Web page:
We need to distinguish governance from management, and an inability to do so probably indicates that we have not understood the question of the development of business. The management question is “how do we organise ourselves to address current priorities?”. The governance question is more like “how do I make sure the available resources are used wisely and accountably?”.
The questions differ markedly in scope. Whom and what is to be managed is generally narrowly drawn to improve local accountability. Governance has a natural remit that includes anything and everything that can affect or be affected by the business. The task of governance is to make sure that management is a tool whose use and effectiveness is understood. Management can never be counter-productive in its own terms, but there are plenty of business situations where management is indeed a barrier to what needs to be done.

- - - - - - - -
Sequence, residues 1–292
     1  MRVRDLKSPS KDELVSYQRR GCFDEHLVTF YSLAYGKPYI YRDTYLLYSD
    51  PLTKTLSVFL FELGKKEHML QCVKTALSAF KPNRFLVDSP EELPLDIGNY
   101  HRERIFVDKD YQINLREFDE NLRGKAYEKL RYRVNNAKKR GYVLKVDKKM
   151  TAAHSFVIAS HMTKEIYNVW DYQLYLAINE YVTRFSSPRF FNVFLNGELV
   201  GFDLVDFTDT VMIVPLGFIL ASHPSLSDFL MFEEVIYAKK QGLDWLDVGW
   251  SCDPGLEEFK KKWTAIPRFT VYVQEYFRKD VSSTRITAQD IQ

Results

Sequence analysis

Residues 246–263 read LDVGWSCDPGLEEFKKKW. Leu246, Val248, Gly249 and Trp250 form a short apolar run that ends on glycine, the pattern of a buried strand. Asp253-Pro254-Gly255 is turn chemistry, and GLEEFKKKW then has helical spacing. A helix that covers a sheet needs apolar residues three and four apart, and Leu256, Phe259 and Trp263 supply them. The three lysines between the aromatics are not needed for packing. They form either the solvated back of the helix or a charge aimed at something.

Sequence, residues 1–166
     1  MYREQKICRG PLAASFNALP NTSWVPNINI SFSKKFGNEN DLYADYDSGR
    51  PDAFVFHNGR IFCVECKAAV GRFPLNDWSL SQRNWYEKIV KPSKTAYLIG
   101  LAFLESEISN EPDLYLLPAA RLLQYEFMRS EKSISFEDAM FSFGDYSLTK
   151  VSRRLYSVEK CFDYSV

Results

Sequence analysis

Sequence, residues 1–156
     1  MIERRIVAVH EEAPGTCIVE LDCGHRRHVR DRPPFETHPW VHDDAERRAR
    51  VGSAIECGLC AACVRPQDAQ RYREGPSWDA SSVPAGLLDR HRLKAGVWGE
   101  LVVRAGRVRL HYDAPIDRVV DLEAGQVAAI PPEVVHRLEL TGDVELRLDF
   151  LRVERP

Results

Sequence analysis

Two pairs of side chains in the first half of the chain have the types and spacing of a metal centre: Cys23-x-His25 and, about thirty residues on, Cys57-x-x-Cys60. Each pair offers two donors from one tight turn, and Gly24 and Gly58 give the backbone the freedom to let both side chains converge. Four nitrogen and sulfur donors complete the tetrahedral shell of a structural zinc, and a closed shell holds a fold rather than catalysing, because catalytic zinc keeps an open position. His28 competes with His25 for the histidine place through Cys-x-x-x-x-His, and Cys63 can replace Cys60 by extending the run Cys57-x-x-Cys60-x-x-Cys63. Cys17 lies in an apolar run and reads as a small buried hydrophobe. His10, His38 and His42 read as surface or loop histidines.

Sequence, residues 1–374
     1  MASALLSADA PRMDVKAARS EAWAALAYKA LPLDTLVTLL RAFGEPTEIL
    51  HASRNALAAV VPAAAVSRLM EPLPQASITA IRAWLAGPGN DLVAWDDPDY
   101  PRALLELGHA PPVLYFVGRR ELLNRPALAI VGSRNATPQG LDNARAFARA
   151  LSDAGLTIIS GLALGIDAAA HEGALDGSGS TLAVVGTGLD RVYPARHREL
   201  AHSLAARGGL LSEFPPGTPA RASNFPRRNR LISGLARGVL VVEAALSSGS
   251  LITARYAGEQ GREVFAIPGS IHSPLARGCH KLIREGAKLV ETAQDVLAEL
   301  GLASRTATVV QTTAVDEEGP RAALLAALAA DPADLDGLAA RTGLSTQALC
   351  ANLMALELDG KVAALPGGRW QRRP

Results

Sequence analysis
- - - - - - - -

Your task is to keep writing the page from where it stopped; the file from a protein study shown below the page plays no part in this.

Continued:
Governance is a process, and because we are speaking of the governance of business organisations, it is a process of inclusion. Its task is to harness a wide range of opinion, interest and skill into the success of the business as a benefit to all in their own terms. In turn this inclusion is reflected in the acquired legitimacy of the governance process in the organisations concerned.